07/03/2017 The Papers


07/03/2017

No need to wait until tomorrow morning to see what's in the papers - tune in for a lively and informed conversation about the next day's headlines.


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Hello and welcome to our look ahead to what the the papers will be

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With me are Laura Hughes, political correspondent

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at The Daily Telegraph, and Pippa Crerar,

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political correspondent at The London Evening Standard.

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Two political correspondents, can't beat one. Good to see you both.

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Let's look at the front pages now. The Chancellor, Philip Hammond,

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wants to shore up a ?27 billion Brexit insurance fund. In the

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Telegraph, his plans to raise taxes could anger Conservative MPs who

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hoped for cuts. Calls for MPs to stop the Lords

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forcing a final vote on a Brexit deal after they voted to amend

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Government plans this evening. A new procedure using tiny plastic

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beads could largely replace prostate surgery, in the Mail. Wikileaks on

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the Guardian. The organisation claims it has leaked files showing

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the CIA and MI5 hacked technology, including smart TVs. The leak is the

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worst security breach for Western intelligence since the Edward

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Snowdon leaks in 2013. Let's look at some of these front

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pages in detail now. The FT, Hammond lines up Brexit budget. I know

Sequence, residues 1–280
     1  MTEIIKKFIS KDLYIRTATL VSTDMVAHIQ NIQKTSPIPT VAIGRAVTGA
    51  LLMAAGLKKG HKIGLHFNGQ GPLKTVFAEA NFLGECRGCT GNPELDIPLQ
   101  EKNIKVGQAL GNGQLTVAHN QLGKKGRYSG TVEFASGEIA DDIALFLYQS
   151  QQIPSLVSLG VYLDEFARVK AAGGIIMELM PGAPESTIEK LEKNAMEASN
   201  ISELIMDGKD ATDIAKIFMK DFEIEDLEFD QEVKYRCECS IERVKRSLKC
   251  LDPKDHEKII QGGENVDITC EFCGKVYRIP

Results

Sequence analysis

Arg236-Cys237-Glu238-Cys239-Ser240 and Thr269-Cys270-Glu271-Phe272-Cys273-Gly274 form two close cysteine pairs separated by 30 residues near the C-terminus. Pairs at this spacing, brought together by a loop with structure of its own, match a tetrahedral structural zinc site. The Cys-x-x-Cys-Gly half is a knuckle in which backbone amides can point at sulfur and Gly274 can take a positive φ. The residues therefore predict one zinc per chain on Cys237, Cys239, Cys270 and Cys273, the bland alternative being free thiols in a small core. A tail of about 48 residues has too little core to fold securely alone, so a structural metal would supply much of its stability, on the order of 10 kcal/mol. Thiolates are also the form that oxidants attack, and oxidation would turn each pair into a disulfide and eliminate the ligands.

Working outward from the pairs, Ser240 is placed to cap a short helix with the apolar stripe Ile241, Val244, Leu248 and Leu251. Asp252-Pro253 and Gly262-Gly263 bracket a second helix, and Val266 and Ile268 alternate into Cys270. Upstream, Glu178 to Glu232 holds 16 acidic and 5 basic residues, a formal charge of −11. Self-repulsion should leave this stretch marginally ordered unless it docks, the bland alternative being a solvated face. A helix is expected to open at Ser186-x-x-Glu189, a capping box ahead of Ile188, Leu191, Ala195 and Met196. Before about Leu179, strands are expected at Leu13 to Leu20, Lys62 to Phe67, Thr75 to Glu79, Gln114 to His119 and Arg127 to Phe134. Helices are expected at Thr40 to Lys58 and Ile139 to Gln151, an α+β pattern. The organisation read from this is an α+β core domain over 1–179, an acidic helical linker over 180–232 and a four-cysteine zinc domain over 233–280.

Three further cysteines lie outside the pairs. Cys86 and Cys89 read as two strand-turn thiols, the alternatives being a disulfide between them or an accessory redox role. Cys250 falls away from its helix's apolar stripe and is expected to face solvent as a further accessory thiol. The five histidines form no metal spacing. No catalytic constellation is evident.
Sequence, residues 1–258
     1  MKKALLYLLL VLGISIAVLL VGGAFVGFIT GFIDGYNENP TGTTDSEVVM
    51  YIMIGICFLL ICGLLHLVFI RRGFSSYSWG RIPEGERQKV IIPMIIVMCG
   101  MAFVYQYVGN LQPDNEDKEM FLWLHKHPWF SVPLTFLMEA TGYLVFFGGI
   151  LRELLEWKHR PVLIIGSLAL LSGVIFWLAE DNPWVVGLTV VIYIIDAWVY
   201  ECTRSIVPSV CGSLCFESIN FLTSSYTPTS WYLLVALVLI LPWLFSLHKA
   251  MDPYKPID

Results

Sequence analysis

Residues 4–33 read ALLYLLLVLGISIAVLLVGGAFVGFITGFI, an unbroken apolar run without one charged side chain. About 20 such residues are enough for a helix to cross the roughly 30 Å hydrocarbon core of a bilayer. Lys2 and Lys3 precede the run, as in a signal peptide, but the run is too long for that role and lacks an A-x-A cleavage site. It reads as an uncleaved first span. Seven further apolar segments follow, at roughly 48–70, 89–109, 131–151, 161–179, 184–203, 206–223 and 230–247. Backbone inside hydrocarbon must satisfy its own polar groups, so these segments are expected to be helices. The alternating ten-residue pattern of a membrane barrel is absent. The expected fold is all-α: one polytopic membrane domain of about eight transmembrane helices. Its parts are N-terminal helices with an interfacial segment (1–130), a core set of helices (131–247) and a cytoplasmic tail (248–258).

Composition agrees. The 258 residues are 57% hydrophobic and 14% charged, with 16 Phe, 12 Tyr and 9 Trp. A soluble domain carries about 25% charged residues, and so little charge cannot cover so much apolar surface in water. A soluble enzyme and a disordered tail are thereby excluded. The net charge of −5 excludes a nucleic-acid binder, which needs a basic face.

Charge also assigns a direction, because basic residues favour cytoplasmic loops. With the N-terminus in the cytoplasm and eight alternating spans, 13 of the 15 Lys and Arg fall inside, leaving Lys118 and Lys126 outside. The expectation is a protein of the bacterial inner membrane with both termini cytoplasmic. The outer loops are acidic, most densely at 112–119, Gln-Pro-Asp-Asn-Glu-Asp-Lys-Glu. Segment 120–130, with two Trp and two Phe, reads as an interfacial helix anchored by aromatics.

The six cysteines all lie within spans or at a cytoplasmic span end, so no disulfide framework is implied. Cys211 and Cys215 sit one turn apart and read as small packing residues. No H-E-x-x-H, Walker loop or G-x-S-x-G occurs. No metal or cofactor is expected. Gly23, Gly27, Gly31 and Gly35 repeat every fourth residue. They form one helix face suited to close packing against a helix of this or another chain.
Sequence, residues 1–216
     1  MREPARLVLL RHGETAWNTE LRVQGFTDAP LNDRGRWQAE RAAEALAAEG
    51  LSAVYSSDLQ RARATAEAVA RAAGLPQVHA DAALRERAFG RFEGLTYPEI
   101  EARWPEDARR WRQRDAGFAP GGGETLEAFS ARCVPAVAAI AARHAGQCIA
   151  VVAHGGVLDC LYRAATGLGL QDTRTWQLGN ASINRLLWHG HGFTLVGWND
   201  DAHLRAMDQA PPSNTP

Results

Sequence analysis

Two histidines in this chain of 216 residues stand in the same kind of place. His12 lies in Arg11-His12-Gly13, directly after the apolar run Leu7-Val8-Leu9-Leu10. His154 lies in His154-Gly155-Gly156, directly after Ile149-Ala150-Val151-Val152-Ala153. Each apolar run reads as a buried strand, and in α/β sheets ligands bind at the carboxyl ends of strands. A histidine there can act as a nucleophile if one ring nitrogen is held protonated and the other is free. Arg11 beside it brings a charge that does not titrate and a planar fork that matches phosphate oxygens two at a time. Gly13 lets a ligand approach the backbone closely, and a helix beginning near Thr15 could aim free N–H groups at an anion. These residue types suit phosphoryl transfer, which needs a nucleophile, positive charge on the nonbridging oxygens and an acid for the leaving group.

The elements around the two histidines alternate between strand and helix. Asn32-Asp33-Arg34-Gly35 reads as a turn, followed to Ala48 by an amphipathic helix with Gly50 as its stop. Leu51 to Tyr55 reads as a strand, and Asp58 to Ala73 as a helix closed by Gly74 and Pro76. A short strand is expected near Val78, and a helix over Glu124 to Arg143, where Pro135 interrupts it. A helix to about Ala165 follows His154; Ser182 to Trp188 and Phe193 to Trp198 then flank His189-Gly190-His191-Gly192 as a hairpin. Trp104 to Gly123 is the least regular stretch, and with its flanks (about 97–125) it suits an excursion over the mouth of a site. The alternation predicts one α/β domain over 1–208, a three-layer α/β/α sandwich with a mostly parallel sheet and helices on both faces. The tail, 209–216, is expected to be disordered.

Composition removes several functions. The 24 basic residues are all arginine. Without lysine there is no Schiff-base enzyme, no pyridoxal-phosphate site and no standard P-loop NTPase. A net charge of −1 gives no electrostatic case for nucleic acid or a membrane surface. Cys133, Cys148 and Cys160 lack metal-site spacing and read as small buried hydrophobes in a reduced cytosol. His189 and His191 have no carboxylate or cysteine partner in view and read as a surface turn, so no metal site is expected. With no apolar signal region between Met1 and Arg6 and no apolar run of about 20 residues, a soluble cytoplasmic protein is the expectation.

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you're on top of everything. You've been writing about this all day.

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Brexit budget, that means he's saving money for potentially rainy

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days to come. Yes, spread sheet Phil as he is known amongst close

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friends. That's his moniker? Yes. Tomorrow he's been able to announce

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better news that he would probably have thought he Cox the OBR are

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saying they will increase growth forecasts by 2%, 2017, that's good

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news. You'd expect him to stand there - Cut taxes. You would expect

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that. Give lots of money to the NHS. Lots of people would hope that, but

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spread sheet Phil is being cautious. He's very aware that we're on the

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brink of Brexit of Theresa May triggering Article 50. We've had

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warnings from business leaders saying we don't want to be on the

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edge of a cliff face. He's obviously taken that very seriously. He wants

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this guarantee, this insurance fund, the ?27 million in the bank, almost

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for a rainy day. We don't know what's going to happen. He doesn't

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know was going to happen. He's being cautious. Perhaps being sensible.

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There will be a lot of Tory MPs that will not like this. They'll want

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relief for the middle classes, for businesses. But they're not going to